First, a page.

Returning for a second edition, the CTM 2015 Radio Lab is dedicated to exploration and experimentation within the medium of radio. The Lab programme will two projects commissioned by Deutschlandradio Kultur - Hörspiel/Klangkunst and CTM Festival, in collaboration with the Goethe-Institut, ORF musikprotokoll im steirischen herbst, Ö1 Kunstradio, and ICAS/ECAS – International Cities for Advanced Sound.
The CTM 2015 Radio Lab Open Call for works sought unusual ideas for pairing the specific artistic possibilities of radio with the potentials of live performance or installation, that also explore the CTM 2015 Festival theme: Un Tune – Exploring Sonic Affect. The two selected works will premiere at CTM 2015, and subsequently be broadcast via Deutschlandradio Kultur as well as presented by the ORF (Austrian National Broadcasting Corporation).
The first of two Radio Lab projects, entitled Always Here for you: ASMR - Autonomous Sensory Meridian Response, comes from Berlin-based American Claire Tolan, a young artist and programmer exploring human-computer interaction, online communities (intimacy, privacy), and information structures and theory.
ASMR is defined as a pleasurable “tingling” sensation in the scalp, spine, and peripheral regions of the body in response to cognitive stimuli such as visual, auditory, tactile or olfactory sensations. The phenomenon remains a pseudoscience with little or no scientific explanation of verified data to support it. It has, however, grown strong anecdotal evidence thanks to a considerable cult following and the development of a devoted community of followers who find a home – and post millions of “healing” videos – on YouTube. Recorded binaurally and varying from role-plays of hotel attendants and spa treatments, to affirmation videos and videos recording soft sounds such as whispering, nail tapping, or brushing, these clips mimic everyday situations of closeness and allow for relaxation and sharing of personal experiences. But what happens to the sounds and intimacy of these video encounters when the visual element is removed? Is the soothing tingling experience purely sonic, or some way dependent upon the visual cues in the videos?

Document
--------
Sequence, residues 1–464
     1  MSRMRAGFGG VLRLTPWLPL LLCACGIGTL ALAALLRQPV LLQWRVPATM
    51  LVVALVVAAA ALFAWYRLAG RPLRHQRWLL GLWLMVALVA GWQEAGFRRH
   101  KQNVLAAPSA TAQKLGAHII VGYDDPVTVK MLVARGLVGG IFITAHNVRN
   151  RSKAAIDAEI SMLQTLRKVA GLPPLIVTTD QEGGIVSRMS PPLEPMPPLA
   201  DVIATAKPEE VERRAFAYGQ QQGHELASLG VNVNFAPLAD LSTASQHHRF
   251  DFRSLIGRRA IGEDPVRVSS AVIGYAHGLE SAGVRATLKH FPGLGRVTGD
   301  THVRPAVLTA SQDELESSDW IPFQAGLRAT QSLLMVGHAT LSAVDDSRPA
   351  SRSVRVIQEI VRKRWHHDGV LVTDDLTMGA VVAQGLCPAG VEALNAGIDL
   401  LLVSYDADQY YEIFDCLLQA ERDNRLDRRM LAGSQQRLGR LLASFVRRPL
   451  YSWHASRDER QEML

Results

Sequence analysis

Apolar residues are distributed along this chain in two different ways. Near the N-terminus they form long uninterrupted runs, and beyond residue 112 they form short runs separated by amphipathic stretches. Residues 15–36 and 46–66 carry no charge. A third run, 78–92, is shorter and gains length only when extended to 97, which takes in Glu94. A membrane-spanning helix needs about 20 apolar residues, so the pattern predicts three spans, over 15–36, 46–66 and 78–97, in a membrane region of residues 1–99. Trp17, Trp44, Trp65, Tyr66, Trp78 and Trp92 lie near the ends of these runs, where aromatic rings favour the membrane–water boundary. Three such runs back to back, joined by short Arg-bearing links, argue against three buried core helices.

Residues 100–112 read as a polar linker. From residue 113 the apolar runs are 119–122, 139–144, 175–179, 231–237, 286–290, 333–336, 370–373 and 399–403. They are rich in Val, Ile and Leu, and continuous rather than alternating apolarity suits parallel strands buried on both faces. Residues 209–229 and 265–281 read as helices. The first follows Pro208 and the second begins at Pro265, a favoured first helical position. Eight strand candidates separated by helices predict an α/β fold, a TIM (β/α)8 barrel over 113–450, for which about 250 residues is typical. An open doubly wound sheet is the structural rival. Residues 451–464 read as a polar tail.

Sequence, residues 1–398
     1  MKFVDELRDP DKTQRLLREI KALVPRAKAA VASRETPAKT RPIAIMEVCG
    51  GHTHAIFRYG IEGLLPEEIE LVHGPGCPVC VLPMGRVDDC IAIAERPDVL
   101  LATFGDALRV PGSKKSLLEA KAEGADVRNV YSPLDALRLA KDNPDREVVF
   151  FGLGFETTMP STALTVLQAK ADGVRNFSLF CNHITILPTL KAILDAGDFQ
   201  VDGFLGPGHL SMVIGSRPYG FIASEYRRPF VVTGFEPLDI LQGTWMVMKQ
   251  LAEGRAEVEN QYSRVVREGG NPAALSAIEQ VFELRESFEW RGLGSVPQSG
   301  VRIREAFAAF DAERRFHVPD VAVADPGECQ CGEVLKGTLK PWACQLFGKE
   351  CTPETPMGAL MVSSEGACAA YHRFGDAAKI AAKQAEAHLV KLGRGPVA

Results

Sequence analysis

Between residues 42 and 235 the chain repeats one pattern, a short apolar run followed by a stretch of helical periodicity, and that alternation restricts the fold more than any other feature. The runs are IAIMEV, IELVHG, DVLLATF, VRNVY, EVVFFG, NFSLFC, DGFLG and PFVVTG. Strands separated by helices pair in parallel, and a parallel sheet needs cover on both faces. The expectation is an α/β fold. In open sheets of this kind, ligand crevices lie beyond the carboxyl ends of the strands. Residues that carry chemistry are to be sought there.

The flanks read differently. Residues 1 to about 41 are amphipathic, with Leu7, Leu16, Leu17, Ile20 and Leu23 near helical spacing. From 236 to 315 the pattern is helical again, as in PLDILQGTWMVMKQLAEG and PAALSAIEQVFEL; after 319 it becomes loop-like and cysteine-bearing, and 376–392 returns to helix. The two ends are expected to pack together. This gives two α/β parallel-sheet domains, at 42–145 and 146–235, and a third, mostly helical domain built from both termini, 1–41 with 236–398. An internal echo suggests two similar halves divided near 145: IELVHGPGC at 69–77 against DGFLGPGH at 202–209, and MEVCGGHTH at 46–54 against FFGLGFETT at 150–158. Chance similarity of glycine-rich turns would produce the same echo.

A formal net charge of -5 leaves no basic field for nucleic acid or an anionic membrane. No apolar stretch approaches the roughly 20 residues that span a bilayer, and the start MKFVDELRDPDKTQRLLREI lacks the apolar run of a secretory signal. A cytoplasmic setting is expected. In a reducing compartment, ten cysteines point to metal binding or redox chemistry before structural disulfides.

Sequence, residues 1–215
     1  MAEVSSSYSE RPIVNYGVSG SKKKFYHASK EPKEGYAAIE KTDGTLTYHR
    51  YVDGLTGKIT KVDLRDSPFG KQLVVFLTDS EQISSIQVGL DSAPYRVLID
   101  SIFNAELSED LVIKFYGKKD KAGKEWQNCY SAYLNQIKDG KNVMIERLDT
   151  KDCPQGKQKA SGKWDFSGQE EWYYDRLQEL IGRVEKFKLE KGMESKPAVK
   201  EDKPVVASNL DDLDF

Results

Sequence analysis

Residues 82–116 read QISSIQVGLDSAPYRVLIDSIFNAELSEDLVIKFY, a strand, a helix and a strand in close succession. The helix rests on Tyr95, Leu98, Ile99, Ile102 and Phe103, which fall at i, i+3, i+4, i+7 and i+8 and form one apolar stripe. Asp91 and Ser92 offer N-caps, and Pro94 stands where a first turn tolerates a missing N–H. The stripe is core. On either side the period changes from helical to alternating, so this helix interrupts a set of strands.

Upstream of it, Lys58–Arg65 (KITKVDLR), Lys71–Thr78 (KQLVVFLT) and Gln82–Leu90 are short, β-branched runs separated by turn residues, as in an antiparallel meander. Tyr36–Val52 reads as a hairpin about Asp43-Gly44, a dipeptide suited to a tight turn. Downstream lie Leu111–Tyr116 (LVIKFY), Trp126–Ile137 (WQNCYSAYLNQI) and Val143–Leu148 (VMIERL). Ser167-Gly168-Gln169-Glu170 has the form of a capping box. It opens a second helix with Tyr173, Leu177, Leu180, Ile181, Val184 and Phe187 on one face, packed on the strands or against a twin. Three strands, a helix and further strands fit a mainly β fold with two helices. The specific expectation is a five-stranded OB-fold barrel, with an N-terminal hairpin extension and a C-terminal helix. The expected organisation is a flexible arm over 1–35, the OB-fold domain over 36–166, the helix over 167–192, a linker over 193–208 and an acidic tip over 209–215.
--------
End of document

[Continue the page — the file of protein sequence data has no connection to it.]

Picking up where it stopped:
On a first level, Tolan proposes an exploration of the interplay between sight and sound, inviting the audience to compare their ASMR viewing experience with real versus recreated sounds. Audio waves cause objects to vibrate at a frequency that is not perceived by the human eye. By recording ASMR videos with a simple point-and-shoot camera to capture these movements, then using algorithms developed by MIT to process them back into sound, Tolan aims to test the effect of short-circuiting the visual and aural. In a further experiment, sound from ASMR role-plays will be detected by a laser microphone and recreated, testing whether ASMR can be provoked despite a slightly incongruent soundtrack. Through her use of the laser microphone and audio extraction algorithms, Tolan opens the door to a second level of investigation into surveillance technology – for which radio has long been a primary medium both as enabler and circumventer.
By connecting ASMR to the latest developments in acoustic surveillance technologies and computation, Claire Tolan renders visible the workings, potentials and dangers of being able to control and analyze the frequency domain, which serve as a basis of all forms of human communication and perception. She draws possible future scenarios that are most timely to address. On another level, her proposal investigates the complex intertwinement of direct physiological effects of frequencies and the psychological effects of narratives, role-playing, and intimacy, and on the possibilities of new forms of intimacy mediated by communication technologies. This makes her proposal of high interest not only for live presentation but also for radio, as it allows her to probe and advance radio’s potential for such forms of closeness.
The second Radio Lab project, In the Darkness of the World, takes shape as an experimental radio play that pulls the hydrophone away from its primarily scientific usage into the realm of storytelling, to recount a tale through sound – namely Jules Verne’s 20,000 Leagues Under the Sea.
Proposed by Sol Rezza, an Argentinean radio producer and sound designer based in Mexico City, the project explores the dark, underwater world where light is scarce and the only consistent guide is sound. Using 3D acousmatic sound, the play experiments with spatial capabilities of live and radio contexts while inviting listeners to experience a sonic environment not normally lived by humans - where life takes place under different circumstances that often still remain unknown. The Wire’s Frances Morgan on Rezza’s project: “The project is imaginative and playful, drawing on classic radiophonic drama, and its spatial aspect should make the installation inviting and accessible.”
CTM – Festival for Adventurous Music and Art